In physics, work refers to the action of a force on an object causing it to move (or displacement). This movement transmits energy from the force to the object. The amount of work is expressed in units called joules and kilocalories. The more an object moves, the more energy it has. If the applied force is opposite to an object’s motion, it does negative work, removing energy from the object.
When an object does positive work, it increases its own energy. An example is a waiter lifting a heavy tray high over his head. Similarly, pushing a car up a hill is considered work since it pushes the car’s weight against gravity and moves it upward.
While the world of work is changing rapidly, there’s a lot of misinformation out there about it. Some people believe that working from home is a cure-all for all workplace woes, while others fear that it will cause them to lose their professional skills. The truth is that the future of work isn’t about switching to a remote job, but rather redefining what it means to be a worker.
Redefining work requires cultivating and drawing on intrinsic human capabilities such as curiosity, imagination, creativity, intuition, empathy, and social intelligence. It also requires rethinking organizational structures, management systems, and even leadership and talent development.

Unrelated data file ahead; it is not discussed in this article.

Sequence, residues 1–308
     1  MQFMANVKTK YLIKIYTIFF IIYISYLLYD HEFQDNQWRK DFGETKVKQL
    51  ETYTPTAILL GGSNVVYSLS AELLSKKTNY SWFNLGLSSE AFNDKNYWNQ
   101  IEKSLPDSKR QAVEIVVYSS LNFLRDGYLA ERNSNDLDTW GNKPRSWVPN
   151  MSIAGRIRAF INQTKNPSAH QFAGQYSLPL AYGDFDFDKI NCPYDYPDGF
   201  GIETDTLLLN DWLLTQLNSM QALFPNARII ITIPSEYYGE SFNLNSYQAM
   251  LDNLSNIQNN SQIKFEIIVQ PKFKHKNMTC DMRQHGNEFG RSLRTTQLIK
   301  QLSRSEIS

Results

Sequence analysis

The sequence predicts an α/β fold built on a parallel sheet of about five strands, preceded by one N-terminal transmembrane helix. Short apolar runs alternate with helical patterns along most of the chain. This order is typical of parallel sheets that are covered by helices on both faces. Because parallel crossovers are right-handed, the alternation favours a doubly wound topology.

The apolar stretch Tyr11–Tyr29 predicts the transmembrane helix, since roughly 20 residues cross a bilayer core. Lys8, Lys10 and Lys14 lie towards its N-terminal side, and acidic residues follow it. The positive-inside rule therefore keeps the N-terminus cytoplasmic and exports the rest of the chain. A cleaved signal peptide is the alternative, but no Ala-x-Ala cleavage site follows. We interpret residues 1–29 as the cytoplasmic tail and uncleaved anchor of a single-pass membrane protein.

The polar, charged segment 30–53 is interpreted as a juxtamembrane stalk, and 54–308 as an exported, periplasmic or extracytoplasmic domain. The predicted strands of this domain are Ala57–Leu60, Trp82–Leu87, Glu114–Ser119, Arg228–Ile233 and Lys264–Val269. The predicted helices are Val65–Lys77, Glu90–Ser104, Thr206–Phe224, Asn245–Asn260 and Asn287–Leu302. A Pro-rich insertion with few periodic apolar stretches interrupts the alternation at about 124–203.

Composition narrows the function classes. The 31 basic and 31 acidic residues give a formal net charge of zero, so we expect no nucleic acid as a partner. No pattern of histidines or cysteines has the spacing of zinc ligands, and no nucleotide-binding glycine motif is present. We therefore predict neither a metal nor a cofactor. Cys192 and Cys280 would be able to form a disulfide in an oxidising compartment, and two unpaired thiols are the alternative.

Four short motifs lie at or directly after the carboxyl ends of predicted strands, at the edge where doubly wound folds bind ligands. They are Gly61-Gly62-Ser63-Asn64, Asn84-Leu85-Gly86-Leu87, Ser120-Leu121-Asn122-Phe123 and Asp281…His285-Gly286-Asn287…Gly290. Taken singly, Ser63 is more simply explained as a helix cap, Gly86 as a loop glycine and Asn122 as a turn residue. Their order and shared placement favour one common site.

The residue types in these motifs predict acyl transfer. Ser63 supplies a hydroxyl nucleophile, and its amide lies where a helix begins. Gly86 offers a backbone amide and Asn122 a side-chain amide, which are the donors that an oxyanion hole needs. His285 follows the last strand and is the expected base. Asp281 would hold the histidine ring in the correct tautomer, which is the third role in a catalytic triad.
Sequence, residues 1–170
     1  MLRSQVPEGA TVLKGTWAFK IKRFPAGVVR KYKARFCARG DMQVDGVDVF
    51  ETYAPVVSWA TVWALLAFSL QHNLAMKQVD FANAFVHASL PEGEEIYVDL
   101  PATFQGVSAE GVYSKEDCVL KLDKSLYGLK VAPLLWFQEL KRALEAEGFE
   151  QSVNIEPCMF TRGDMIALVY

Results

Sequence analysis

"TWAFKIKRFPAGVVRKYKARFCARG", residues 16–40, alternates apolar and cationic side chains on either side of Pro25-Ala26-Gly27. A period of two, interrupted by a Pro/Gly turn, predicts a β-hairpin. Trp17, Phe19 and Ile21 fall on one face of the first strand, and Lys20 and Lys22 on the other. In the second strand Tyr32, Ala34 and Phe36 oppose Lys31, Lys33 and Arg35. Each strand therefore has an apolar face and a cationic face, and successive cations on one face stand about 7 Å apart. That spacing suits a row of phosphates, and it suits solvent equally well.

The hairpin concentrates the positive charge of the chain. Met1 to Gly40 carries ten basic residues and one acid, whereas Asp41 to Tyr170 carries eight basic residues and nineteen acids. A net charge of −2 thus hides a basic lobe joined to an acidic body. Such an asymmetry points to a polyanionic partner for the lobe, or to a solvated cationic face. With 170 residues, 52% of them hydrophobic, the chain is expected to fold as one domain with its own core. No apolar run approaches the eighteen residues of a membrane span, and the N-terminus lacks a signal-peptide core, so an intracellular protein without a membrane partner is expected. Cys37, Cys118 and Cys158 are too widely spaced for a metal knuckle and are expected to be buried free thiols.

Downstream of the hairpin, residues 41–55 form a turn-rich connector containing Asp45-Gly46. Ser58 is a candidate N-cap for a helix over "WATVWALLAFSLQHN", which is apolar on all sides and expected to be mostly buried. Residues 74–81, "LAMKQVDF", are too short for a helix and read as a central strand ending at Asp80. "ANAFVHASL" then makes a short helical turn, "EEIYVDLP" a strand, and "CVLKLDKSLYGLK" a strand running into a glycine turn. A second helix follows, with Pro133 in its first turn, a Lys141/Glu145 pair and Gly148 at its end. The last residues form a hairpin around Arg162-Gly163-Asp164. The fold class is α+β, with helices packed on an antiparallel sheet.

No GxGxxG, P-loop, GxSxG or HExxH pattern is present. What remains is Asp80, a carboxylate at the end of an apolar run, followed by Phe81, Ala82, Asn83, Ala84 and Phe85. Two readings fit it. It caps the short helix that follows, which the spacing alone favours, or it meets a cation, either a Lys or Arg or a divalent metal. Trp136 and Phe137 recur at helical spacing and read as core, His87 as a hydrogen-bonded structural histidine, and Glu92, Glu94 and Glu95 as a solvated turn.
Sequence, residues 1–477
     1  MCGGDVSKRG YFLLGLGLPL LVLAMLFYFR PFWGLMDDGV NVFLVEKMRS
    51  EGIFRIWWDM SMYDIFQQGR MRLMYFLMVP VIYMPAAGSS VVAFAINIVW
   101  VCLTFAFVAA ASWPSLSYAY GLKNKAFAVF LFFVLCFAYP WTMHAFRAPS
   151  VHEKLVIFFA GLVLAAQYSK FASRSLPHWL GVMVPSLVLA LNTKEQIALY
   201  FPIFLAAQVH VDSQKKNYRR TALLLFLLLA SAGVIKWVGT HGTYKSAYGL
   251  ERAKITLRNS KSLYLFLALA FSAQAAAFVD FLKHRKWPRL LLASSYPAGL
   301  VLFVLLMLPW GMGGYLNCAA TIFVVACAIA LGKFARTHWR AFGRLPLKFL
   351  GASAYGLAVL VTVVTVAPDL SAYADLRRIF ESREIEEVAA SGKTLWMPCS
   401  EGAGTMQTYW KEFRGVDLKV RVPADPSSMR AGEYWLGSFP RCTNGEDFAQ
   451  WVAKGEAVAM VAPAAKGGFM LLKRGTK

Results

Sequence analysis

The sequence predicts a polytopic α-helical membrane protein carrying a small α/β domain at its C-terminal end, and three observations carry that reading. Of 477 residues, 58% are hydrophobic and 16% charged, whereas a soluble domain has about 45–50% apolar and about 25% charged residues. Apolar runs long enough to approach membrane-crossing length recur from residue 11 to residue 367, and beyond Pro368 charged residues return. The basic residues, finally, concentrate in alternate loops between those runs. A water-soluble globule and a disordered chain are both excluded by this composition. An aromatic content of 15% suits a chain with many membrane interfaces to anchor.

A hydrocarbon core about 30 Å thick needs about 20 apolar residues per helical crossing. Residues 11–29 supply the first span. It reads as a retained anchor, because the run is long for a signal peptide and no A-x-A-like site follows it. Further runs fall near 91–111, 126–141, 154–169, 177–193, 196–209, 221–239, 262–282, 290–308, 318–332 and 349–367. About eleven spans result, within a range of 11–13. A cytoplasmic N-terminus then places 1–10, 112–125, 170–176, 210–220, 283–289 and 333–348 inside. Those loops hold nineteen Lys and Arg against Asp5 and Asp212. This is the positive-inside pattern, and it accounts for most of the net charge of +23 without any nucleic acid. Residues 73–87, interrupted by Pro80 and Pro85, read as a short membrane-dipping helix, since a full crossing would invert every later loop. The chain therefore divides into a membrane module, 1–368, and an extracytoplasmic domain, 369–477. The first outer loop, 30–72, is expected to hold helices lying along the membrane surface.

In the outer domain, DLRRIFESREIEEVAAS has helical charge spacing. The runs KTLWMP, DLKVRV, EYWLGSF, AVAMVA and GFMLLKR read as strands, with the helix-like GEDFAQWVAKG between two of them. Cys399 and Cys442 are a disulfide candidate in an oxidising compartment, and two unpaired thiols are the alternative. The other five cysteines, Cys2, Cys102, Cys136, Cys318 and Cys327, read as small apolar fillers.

Some tasks require a great deal of effort and exertion while others don’t. For instance, a person trying to lift an extremely heavy object without a power assist device is doing a great deal of work, but if he or she is simply sitting down to relax on the couch, that doesn’t count as work in the scientific sense.
Moreover, if an object is dropped off a tall building and hits the ground with force, that’s considered positive work in physics, but if a person simply pushes against a wall repeatedly to exhaust himself, it doesn’t qualify as work because it does not cause a displacement of the wall.
The reason why different types of work can drain the brain is because they use different parts of the brain, and too much switching between them is mentally taxing. For this reason, it’s a good idea to try to focus on one thing at a time when possible. If you’re struggling with this, you can try time blocking – creating a span of time, such as 15 minutes or an hour, to dictate how long you’ll spend on specific tasks – or batching, where you group similar tasks together and do them all at once. You could also hire a babysitter or ask family members to not disturb you during your work hours.